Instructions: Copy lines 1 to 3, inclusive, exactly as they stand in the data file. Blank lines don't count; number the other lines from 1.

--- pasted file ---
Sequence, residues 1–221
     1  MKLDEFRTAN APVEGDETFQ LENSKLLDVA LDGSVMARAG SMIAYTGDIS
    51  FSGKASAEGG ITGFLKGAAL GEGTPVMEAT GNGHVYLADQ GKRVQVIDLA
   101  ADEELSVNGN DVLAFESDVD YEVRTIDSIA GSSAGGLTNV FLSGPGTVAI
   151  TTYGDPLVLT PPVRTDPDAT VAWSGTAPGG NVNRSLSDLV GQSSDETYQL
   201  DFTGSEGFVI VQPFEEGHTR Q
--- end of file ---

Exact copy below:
Sequence, residues 1–221
     1  MKLDEFRTAN APVEGDETFQ LENSKLLDVA LDGSVMARAG SMIAYTGDIS
    51  FSGKASAEGG ITGFLKGAAL GEGTPVMEAT GNGHVYLADQ GKRVQVIDLA